27.06.2015 10:08 h

Stajcic wants more recognition for Matildas

Australia coach Alen Stajcic said he wanted more recognition for the Matildas as they prepare to topple reigning champions Japan at the Women's World Cup.

The Matildas became the first Australian team -- men's or women's -- to advance beyond the first knockout round of a World Cup when they beat Brazil 1-0 last weekend in the round of 16.

They next play Japan in the quarter-finals Saturday in Edmonton.

But the Matildas will each receive just Aus$750 (US$581) for the Japan game while the Socceroos are paid Aus$8,500 each when they play in the quarter-finals of a comparable tournament, excluding bonuses.

"Having been involved for quite a number of years, it's always a struggle to get recognition for the players and the work they do and the amount of sacrifices they give to the sport and their country," said Stajcic.

"We're really focused on the tournament, we know if we do our job all those other things will look after themselves," he continued.

"We've heard reports about how much Australia is getting on board and getting behind the players which is really pleasing, but we're still only half way there, we really want to finish the job off."

Midfielder Katrina Gorry, the reigning Asian women's footballer of the year, said the match and not money was on their minds.

"It's definitely something we're not really focused on," she said.

"We've come to the World Cup to compete against the best teams in the world and to show the world what we're capable of."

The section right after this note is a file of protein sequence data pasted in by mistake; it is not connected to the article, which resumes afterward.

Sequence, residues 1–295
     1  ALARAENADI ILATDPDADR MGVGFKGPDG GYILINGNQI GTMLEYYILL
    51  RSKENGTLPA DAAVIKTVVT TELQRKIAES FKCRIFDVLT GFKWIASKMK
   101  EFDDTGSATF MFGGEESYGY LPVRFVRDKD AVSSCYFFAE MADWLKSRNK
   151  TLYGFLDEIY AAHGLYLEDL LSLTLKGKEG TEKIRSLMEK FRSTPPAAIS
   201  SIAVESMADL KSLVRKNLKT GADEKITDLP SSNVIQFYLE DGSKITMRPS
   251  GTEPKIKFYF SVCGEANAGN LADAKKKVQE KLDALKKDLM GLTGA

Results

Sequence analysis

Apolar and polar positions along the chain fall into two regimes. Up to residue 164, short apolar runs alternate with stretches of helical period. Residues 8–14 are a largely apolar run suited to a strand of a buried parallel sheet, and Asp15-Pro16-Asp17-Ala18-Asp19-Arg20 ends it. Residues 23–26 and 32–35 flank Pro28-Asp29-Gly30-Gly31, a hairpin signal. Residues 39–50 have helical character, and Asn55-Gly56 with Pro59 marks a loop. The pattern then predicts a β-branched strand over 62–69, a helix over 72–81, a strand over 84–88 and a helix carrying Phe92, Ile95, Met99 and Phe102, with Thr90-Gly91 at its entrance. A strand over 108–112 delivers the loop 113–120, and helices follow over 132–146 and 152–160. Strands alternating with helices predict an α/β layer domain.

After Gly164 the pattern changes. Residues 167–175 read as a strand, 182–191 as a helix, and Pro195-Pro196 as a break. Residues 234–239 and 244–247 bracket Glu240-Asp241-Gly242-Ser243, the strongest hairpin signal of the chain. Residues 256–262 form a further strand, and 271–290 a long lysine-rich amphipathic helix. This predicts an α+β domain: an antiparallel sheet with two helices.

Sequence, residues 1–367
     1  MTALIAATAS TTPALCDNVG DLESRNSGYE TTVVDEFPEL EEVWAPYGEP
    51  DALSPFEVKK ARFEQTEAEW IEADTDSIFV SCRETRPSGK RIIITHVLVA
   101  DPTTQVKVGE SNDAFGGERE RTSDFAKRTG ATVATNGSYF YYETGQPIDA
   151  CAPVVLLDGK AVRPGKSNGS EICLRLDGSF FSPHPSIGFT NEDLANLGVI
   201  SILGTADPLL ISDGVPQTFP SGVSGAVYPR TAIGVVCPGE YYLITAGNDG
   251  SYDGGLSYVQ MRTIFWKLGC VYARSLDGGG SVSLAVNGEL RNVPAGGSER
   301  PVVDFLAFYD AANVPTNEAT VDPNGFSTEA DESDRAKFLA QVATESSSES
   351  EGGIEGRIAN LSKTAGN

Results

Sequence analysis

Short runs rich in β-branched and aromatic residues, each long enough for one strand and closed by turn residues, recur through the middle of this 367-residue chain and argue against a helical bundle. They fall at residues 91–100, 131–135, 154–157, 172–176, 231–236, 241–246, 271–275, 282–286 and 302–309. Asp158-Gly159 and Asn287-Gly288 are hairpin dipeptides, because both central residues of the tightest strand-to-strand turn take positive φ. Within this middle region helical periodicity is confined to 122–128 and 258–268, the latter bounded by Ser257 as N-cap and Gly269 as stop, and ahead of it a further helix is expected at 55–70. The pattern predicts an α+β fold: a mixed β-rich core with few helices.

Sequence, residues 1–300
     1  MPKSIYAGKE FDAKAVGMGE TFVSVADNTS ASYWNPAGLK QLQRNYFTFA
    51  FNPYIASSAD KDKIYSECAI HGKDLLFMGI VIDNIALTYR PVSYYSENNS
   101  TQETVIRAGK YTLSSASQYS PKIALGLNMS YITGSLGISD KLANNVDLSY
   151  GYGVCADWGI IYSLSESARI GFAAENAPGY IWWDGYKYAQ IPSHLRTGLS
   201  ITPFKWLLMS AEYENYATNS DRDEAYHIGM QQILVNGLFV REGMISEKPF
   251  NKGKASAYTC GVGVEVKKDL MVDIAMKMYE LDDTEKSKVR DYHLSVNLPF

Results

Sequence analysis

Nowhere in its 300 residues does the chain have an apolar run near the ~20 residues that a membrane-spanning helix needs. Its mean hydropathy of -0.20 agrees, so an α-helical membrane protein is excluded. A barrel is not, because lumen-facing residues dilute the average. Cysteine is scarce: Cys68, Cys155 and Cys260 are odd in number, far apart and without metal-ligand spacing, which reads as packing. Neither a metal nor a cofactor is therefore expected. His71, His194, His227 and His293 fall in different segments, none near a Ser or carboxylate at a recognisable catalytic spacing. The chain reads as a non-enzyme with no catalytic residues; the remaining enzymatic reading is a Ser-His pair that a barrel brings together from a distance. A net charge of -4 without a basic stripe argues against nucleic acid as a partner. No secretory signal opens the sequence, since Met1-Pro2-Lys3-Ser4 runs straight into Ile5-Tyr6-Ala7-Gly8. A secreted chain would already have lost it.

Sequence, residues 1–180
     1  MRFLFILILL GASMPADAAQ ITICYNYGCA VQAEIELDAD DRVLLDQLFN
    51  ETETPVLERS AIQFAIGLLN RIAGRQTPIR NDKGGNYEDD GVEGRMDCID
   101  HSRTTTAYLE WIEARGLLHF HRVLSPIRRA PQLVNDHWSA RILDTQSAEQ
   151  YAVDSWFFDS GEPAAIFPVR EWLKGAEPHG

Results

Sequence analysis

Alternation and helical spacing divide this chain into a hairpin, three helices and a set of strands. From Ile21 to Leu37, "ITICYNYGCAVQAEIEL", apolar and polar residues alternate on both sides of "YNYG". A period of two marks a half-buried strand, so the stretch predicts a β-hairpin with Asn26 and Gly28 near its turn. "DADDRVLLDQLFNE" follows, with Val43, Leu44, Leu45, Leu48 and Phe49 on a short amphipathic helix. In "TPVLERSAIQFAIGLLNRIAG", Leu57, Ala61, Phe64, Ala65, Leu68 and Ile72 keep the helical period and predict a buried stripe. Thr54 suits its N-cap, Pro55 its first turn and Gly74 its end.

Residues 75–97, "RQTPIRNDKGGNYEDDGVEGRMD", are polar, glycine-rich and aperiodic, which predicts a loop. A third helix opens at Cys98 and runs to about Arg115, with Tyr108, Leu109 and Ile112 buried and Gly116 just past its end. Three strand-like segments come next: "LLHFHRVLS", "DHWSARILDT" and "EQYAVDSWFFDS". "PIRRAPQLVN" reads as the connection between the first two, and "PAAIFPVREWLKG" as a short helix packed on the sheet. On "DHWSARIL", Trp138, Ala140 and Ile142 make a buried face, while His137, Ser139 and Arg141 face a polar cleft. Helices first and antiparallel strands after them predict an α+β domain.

And in a slip of the tongue she already had Australia as winners.

"We're really excited about defeating Japan, oh sorry, Brazil 1-0 and we have tried to build on that," she said.

Japan are unbeaten against the Matildas in five years and the Nadeshiko have won four straight games in Canada, compared with two wins, one draw and one loss for the Matildas.

But Stajcic said they would not be doffing their hats to the world champions like other teams.

"They've played four opponents who dropped off and gave them a lot of respect, as they deserve," he said.

"But that's not the sort of game they're going to see against us and they're well aware of that.

"Brazil strolled through their group phase and played us and they could barely string four or five passes together and had to resort to long-range shooting.

"Japan are going to have to deal with us as well."

Stajcic was unworried by weather forecasts of 31 degrees Celsius temperatures, given conditions at the Asian Cup last May in Vietnam.

"The last time we played Japan it was 37 degrees and a lot more humid," he said.

"I'd say we were the fittest team in the tournament at the moment. Japan are going to have to deal with a fit and fast Australia."

Norio Sasaki's Japan have had two days less than the Matildas to recover and prepare but the coach was more concerned about the strong Australian support in Edmonton.

"There's too much yellow and green colours, we feel that this is our away game, but we will fight hard," he said before highlighting his side's mental strength.

"We both know each other very well, the weaknesses and the strong points and we will have to bring that knowledge to the match. My players are very strong mentally, so I'm counting on that."

Defender Saki Kumagai said they would not be underestimating their rivals, describing them as "fresh and forceful".

"They have really evolved throughout the tournament," she said.

"With the experience of the (Japan) players we look like we're relaxed but we're not. There is no arrogance as defending champions."